- Research article
- Open Access
Staged reduction of neglected transscaphoid perilunate fracture dislocation: A report of 16 cases
© Garg et al.; licensee BioMed Central Ltd. 2012
- Received: 20 March 2011
- Accepted: 2 May 2012
- Published: 20 May 2012
Transscaphoid perilunate fracture dislocation is a rare injury and can be easily missed at the initial treatment. Once ignored, late reduction is not possible and needs extensive dissection. An alternative treatment such as proximal row carpectomy may be required for neglected injuries, but surgical outcome is not as good as that of an early reduction. We aim to present an alternative technique of staged reduction and fixation in patients of neglected transscaphoid perilunate dislocations and study its outcome.
Material & Methods
16 cases (14 males & 2 females) with neglected transscaphoid perilunate fracture dislocation (> 3 month old) were treated with staged reduction. Mean duration between injury and surgery was 4.5 months. In first stage an external fixator was applied across the wrist and distraction was done at 1 mm/day. Second surgery was done through dorsal approach and we were able to reduce all the fractures & dislocations. Herbert screws and K wires were used for fixation.
The mean duration between two surgeries was 2.4 weeks (range 2–4 weeks). 9 cases had excellent results, 5 had good result. Two patients developed reflex sympathetic dystrophy and had fair results.
Staged reduction should be considered for neglected transscaphoid perilunate dislocations. If properly executed, a good functional pain free range of motion is the usual outcome.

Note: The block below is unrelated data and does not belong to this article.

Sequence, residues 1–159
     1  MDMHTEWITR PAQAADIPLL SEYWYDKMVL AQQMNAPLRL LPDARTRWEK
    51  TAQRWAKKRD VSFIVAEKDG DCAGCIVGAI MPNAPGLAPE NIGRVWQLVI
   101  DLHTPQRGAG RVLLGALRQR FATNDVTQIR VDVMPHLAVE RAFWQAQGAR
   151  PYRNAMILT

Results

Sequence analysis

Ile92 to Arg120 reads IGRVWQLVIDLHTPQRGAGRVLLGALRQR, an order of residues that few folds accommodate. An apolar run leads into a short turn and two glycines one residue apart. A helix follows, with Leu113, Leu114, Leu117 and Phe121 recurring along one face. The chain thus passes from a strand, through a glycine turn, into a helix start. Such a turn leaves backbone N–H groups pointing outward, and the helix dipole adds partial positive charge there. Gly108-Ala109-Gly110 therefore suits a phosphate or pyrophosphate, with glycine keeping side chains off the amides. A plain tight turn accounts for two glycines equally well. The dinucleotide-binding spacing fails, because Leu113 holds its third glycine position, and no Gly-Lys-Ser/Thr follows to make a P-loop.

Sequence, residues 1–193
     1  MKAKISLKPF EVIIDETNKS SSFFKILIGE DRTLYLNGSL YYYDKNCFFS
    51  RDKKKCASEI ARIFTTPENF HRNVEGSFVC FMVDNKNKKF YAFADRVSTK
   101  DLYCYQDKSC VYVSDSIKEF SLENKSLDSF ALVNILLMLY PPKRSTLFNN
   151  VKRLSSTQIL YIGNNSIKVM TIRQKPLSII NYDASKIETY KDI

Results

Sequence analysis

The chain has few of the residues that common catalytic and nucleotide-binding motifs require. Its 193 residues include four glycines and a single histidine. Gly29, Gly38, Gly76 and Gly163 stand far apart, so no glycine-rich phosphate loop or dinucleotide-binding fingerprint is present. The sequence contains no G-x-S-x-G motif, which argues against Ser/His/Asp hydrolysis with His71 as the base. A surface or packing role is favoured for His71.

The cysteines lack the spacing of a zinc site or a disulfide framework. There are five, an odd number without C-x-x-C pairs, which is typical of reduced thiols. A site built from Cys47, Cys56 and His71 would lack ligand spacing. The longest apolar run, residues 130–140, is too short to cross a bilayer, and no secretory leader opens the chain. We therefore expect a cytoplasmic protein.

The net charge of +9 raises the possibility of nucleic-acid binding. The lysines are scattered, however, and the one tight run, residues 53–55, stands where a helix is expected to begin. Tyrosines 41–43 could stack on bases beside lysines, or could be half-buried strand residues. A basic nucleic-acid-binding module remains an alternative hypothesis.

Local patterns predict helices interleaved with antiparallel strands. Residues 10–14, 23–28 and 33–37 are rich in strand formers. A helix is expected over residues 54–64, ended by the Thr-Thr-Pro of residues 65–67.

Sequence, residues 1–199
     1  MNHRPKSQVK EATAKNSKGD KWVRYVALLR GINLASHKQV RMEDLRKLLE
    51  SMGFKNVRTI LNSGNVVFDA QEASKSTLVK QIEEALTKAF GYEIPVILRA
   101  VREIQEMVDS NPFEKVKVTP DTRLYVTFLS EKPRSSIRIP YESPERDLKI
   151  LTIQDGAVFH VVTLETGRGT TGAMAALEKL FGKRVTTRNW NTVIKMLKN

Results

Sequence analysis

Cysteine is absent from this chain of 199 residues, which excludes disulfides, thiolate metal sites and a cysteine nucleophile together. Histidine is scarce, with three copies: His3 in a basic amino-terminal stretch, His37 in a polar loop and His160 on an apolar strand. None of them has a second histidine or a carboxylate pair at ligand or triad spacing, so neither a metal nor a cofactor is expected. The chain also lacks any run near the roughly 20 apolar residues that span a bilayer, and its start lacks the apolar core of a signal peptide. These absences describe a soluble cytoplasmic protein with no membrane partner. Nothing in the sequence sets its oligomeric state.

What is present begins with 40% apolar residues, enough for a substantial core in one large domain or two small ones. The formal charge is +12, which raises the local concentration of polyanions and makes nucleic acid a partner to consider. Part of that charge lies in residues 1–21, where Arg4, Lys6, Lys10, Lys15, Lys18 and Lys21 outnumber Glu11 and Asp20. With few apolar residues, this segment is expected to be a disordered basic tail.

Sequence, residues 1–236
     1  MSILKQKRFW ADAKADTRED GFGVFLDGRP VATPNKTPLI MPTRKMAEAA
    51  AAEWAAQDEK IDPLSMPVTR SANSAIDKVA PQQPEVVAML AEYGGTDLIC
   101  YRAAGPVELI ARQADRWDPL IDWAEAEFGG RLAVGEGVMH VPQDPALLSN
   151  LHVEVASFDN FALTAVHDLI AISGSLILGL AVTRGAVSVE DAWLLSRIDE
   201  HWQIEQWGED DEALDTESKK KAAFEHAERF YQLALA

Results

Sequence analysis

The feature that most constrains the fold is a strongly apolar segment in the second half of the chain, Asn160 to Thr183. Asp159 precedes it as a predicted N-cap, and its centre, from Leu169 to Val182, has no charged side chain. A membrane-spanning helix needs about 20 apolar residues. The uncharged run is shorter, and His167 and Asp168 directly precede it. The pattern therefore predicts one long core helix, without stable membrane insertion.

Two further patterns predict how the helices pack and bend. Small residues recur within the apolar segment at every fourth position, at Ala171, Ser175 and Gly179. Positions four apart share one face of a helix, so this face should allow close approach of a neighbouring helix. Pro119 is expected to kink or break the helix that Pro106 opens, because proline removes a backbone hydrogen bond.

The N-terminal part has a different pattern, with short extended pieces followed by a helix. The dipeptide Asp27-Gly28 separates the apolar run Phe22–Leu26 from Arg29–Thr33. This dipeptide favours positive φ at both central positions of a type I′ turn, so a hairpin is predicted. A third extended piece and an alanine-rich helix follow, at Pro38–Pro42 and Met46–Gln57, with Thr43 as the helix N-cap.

- Grip Strength
- Carpal Bone
- Scaphoid Fracture
- Reflex Sympathetic Dystrophy
- Herbert Screw
Transscaphoid perilunate dislocations are rare injuries. It is estimated that upto 25% of these injuries are diagnosed late . This percentage is still higher in developing countries due to lack of awareness and facilities for diagnosis and treatment.
Treatment of neglected injuries carries a poorer prognosis as compared to fresh injuries [2, 3]. Late reduction of perilunate dislocations is difficult and after 3 months salvage procedures such as proximal row carpectomy, excision of the lunate or wrist arthrodesis have been recommended . Most of the patients treated with these methods do not achieve good functional outcomes and have limitations of activities due to reduced range of motion, pain, and loss of grip strength. Treatment of these neglected injuries with open reduction and internal fixation would theoretically give better functional results as compared to salvage procedures [1, 3, 5]. However, this often requires extensive soft tissue releases to achieve reduction, leading to scarring and loss of vascularity of carpal bones, thus compromising the outcomes. We propose that staged reconstruction of these injuries is superior to single stage surgical release. Soft tissues and carpal bones are gradually distracted with a spanning external fixator followed by open reduction and fixation using dorsal approach.